But, not all conduct that interferes with an employee's ability to perform his or her job is actionable. A valid hostile work environment claim arises when the conduct is based on a protected class e.g. race, gender, religion. A supervisor who makes an employee's life difficult simply because the supervisor doesn't like that employee doesn't necessarily give rise to a hostile work environment claim. (However, it may not be advisable to allow a supervisor to treat people poorly based on personal likes and dislikes). Other potential claims exist, but courts are generally slow to find employers liable because of personality conflicts within the workplace.

US Supreme Court to Decide Who is a "Supervisor"

Late last month, the U.S. Supreme Court agreed to hear argument in Vance v. Ball State University. The facts of the case are not novel. Vance, an African-American, alleged that certain supervisors and co-workers discriminated against and harassed her based on her race. In one short paragraph, the Seventh Circuit determined that one of the purported supervisors was not a supervisor because that individual did not have the power to hire, fire, demote, promote, transfer or discipline Vance. It then moved on to deal with the remaining individuals and claims. 

It is that short paragraph from which the issue arises. That being, whether "supervisor" liability under Title VII applies to harassment by those whom the employer vests with authority to direct and oversee their victim's daily work or is limited to those who have the power to "hire, fire, demote, promote, transfer, or discipline" their victim. The distinction is important because under Title VII employers are strictly liable for harassment perpetrated by "supervisors". Alternatively, employers are liable for harassment perpetrated by co-workers only if the employer was negligent in discovering or remedying the alleged harassment. Roughly, an employer who takes preventative and corrective steps can avoid liability in co-worker harassment situations but not in supervisor harassment situations. 

 

The Eighth Circuit, of which Iowa is a part, agrees with the Seventh Circuit--only those who have the power to hire, fire, demote, promote, transfer, or discipline are supervisors. Therefore, if the Supreme Court agrees with the Seventh Circuit not much will change with respect to how cases are decided in our jurisdiction. If, however, the Supreme Court decides that supervisors include those who direct and oversee daily work employers in Iowa will be open to increased risk in harassment lawsuits.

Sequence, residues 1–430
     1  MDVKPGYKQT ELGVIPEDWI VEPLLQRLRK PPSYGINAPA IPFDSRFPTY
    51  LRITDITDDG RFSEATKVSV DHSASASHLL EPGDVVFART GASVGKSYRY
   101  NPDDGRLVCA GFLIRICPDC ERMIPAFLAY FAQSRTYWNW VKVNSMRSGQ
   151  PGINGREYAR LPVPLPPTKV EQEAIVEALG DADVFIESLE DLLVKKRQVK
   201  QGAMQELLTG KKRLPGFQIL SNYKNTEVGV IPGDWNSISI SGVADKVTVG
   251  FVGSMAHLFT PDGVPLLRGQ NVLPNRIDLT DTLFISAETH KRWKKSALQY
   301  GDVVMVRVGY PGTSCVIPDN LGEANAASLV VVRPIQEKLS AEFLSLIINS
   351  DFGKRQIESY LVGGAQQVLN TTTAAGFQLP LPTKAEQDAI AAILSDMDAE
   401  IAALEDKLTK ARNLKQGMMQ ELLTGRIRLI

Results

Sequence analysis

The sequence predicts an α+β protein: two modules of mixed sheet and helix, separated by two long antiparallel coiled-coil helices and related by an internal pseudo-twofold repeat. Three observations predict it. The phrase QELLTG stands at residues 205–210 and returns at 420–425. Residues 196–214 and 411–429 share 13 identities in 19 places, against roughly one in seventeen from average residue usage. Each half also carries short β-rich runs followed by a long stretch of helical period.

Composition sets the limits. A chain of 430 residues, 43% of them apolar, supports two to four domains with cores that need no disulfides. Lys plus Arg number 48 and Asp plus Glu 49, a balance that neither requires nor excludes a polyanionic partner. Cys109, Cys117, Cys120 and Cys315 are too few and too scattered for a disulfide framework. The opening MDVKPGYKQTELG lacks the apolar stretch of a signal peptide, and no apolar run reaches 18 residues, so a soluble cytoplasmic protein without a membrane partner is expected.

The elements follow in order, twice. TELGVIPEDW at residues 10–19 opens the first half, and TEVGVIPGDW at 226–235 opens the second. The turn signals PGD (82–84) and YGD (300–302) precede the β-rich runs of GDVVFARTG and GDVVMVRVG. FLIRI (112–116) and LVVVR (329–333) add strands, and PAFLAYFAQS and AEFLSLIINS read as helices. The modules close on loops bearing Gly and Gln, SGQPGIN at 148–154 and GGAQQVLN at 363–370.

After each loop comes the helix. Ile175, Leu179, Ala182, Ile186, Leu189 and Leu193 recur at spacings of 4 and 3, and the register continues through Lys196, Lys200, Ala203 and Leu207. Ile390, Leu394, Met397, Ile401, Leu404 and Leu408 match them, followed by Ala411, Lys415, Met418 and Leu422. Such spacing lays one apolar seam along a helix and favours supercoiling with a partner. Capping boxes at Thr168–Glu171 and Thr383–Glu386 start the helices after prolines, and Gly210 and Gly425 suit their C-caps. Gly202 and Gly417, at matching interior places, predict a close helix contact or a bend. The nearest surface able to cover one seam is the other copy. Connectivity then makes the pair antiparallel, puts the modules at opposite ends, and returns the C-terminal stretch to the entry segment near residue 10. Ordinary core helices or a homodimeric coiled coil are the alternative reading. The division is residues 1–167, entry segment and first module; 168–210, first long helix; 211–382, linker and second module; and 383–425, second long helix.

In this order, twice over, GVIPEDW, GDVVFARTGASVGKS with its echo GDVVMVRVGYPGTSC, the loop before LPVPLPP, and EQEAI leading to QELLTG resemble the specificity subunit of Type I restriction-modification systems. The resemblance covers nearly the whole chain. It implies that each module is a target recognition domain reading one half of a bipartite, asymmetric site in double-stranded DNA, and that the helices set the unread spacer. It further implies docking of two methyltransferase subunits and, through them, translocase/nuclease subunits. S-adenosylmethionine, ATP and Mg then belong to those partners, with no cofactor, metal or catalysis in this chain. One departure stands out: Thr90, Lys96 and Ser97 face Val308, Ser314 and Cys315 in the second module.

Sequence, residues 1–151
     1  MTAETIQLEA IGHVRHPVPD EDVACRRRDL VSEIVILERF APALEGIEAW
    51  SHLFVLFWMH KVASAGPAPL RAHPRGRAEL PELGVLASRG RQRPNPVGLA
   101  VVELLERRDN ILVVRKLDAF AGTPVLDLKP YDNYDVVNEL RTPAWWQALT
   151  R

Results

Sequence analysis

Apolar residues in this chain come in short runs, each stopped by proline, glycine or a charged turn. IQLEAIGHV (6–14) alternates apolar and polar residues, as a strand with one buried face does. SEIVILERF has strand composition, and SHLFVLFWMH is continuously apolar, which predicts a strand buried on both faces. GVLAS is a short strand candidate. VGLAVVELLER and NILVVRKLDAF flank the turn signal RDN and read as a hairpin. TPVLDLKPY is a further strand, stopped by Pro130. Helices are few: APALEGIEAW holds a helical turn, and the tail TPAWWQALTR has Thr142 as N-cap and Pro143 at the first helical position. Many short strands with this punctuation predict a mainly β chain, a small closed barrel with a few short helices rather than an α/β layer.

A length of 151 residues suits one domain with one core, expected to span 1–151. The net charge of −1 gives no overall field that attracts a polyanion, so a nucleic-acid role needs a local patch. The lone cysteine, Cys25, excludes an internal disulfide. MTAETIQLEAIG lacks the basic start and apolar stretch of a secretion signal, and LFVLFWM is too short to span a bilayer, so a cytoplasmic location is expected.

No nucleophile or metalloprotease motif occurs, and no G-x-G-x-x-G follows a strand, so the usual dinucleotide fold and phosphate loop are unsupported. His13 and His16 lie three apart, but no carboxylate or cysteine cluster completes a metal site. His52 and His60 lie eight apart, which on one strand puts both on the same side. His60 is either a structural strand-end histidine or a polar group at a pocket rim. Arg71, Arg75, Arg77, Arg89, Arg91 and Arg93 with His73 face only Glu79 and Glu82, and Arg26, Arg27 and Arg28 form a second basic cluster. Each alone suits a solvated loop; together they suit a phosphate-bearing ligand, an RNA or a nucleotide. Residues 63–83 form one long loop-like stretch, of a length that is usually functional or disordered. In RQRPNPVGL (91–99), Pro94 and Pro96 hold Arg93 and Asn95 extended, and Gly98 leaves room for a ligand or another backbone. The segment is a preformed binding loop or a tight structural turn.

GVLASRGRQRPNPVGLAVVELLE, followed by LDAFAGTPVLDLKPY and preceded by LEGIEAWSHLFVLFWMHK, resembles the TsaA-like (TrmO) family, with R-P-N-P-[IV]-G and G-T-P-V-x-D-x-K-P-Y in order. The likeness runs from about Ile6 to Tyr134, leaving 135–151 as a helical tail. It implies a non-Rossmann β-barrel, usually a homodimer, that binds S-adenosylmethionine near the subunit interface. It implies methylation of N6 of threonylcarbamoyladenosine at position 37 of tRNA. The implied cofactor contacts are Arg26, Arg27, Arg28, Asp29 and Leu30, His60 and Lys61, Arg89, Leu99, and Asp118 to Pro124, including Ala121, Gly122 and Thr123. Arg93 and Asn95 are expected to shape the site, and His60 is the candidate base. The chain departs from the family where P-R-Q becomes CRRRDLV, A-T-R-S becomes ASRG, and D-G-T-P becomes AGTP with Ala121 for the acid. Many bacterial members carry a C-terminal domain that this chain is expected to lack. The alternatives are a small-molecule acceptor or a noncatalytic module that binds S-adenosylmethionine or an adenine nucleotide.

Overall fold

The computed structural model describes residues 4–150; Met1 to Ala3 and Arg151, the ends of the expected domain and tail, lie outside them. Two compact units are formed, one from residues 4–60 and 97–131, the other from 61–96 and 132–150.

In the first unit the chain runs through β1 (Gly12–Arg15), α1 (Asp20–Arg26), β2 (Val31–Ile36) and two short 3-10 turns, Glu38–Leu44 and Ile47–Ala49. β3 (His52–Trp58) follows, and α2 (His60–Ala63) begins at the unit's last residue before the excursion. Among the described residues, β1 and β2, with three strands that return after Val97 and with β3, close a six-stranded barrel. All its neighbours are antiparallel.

Oral argument in this case should occur in the Fall, with an opinion sometime after that.

A Lesson in Preventing & Correcting Discrimination

A recent 8th Circuit decision demonstrates the importance of responding investigating and responding to claims of harassment and discrimination.  In Crawford v. BNSF Railway Co., the plaintiffs alleged that their supervisor sexually and racially harassed them on a frequent basis.  The court granted judgment in favor of the employer because the employer was able to show that it acted reasonably to prevent and correct any sexually harassing behavior and the employees failed to take advantage of the preventive and corrective opportunities provided by the employer.

The employer not only distributed its anti-harassment policies but also followed the policies.  The company had counseled the alleged harasser previously about workplace behavior and required him to attend a seminar.  The company had a hotline employees could use to make complaints.  The company investigated each and every complaint it received through the hotline.  Upon notice of the plaintiffs' complaints, the company placed the alleged harasser on administrative leave, investigated the complaints, and terminated the alleged harasser within two weeks.  The court found these facts, coupled with the plaintiffs' failure to take advantage of the complaint process or hotline, granted judgment in favor of the employer.

As an employer, you cannot prevent an employee from asserting a claim, but you can decrease your potential liability by following a few steps:

1.      Adopt and distribute anti-harassment/discrimination policies.  If you don't have any policies that prohibit harassment and discrimination adopt them now.  Make sure your employees know that you have the policies and give them a copy of the policy.

 

2.      Educate your employees.  Ensuring that your employees understand the policy means more than handing it to them on the first day of work.  Hold periodic training with your employees that depicts illegal discrimination or harassment and educate them on the appropriate ways to report potential discrimination or harassment.